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Old 06-25-2013, 01:38 PM   #1
l'oiseau
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Canoe Design and History

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Originally Posted by l'oiseau View Post
I assume the bulge you are talking about is the tumblehome? I have a kevlar boat with a lot of tumblehome and it still creaks and cracks around. I've gotten used to that with kevlar. It is so stiff and brittle that seems normal.
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Originally Posted by RichieC View Post
No, I know tumblehome and rocker... this feature- not sure what the name of it is, is within 5" from the top of the gunnel. With this bulge, there is no creaking at all in the two Bells, one with the black gold carbon layer and the other, the stripped down lightest weight model, I have paddled. Down creeks, over beaver dams. The We-No-Nah I have paddled... creaked. LOL

The shape is similar to the sponsons on the old wood canvas old Town Canoes, they were designed for flotation, ( I have one I am restoring some day!) these have the same effect as fluting in knights armor, the crease put into the metal that makes the same panel of metal much stronger then a flat plate. Yost seems to be a fan of it, not sure if it is his original design... but the Lake Placid boats, the Colton and the Swift and the defunct ( sadly as this is MY favorite canoe) are of his design and all have this feature. Other makes offer his designs as well. Like I mentioned, I read somewhere i that it creates a much more complicated job to make this feature. I imagine this fact is reflected in the cost... They are indeed dear.
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Originally Posted by l'oiseau View Post
I'm not sure of the technical term but Dave Curtis called it 'bubble sides'.

He told me it is not technically tumblehome because it flares out at the gunnel.

The Hemlock Eagle has it. My Swift Keewaydin has it. The old Curtis Northstar has it.

There are others but I think they are all DY designs.
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Originally Posted by yellowcanoe View Post
It's called shouldered tumblehome. The hull is flared until about four inches below the rail, then there is an edge and a sharp tuck into the rails. Tumblehome is a generic term where the rail width is less than the max waterline width. Bubble sides are a sort of tumblehome too. The shape of the hull looks like a round arc on the side.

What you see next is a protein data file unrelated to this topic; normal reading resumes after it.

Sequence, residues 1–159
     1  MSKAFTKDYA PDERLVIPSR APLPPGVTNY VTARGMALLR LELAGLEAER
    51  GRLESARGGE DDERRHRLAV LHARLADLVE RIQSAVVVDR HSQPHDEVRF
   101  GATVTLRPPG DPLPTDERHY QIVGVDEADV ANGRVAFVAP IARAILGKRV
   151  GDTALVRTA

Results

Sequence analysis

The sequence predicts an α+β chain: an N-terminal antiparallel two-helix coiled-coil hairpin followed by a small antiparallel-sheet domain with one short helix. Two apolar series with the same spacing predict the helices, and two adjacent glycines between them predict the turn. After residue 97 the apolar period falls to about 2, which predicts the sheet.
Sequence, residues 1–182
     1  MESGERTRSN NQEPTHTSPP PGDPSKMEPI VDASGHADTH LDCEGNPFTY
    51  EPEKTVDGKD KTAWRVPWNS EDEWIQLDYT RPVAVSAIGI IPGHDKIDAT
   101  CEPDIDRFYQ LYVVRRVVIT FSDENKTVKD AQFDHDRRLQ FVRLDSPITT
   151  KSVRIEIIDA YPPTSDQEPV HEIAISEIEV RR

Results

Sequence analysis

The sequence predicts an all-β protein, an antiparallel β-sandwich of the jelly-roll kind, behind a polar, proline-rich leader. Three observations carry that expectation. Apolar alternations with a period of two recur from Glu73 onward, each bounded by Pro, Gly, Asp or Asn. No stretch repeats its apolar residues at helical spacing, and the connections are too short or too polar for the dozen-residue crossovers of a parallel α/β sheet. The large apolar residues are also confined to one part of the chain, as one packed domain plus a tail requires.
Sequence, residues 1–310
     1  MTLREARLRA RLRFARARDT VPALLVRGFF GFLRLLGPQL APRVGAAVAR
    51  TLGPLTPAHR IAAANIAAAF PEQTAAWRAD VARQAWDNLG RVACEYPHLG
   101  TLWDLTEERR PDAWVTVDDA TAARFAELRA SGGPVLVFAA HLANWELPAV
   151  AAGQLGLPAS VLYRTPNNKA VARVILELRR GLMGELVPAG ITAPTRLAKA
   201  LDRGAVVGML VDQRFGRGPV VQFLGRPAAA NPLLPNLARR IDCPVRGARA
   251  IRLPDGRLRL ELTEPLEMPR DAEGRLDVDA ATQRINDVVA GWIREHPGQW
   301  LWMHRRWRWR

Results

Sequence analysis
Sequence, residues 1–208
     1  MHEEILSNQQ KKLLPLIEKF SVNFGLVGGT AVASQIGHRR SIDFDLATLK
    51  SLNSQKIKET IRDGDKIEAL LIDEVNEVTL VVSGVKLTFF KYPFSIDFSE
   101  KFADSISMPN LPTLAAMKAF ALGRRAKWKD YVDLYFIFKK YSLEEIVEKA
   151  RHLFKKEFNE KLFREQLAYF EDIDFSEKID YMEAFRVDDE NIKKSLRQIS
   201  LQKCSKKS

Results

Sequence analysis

My Curtis Nomad has shouldered tumblehome. My Wenonah Argosy has tumblehome but it starts down low...eight to nine inches below the rail. My Swift Heron has bubble sides.

DY gives a wicked good hull presentation if you can get to meet him at an event.

Here is an example of shouldered tumblehome. Its a Hemlock Peregrine

Quote:
Originally Posted by charlie wilson View Post
The first guy using tumblehome in production, composite boats was Bob Demorette of Wabash Valley Canoes. It was included in solo canoes to improve / narrow the paddling station. David Yost borrowed the concept for his DY Special which was later molded by Sawyer.

DY did other sit and switch solos for Sawyer, increasing the arc and volume of the tumblehome to his characteristic "Bubble Sides" in Autumn Mist, Star Light, Summer Song, Solo 13 and ShockWave. He was also designing kneeling canoe for Curtis and included bubble sides in the solo LadyBug, BlueGill, MayFly, the Companion combi canoe and the NorthStar tandem tripper. Bubble sided canoes are more stable when heeled than competing racing tumblehomed sides because volume was carried higher but the Coanda effect carries waves around the curve into the boat/paddler's lap.

DU developed a more abrupt top to his tumblehome adding a small triangle of volume and a tightly radiussed curve to improve dryness and stability when heeled. This was used in the Curtis Dragonfly, Vagabond and Nomad solos and on a tandem stripper that was later burned for political reasons. The abrupt radius stopped Coanda flow, stiffened the hull and looked cool!

When I brought Yost to Bell, we wanted the shouldered tumblehome. FlashFire, WildFire and StarFire featured it and, after some discussion, so did the tandem North series, Star, Wind and Woods. The balance of Bell canoes employed it except those Ted thought might never sell, which became a self fulfilling prophecy. So that's one reason Bell's don't creak, the tight shoulder approximated the rigidity of Maximillian armour, famously ridged.

DY's more recent designs for Swift are about halfway between the bubble and the shoulder, easier to mold than the latter but breaking the Coanda Effect of the former. Probably doesn't contribute to hull stiffness as much as
the Curtis / Bell Shoulder.

The other is Bell's aluminum rail system. Most boat builders use a single piece extruded rail section with two "drops" below a combined inwale/outwale to capture the hull. When bent to the curve of the canoes top edge; together at the ends, wide apart amidships, the inner drop is compressed while the outer in under tension. The hull is free to rattle around in the filet caused by the tension/compression differential.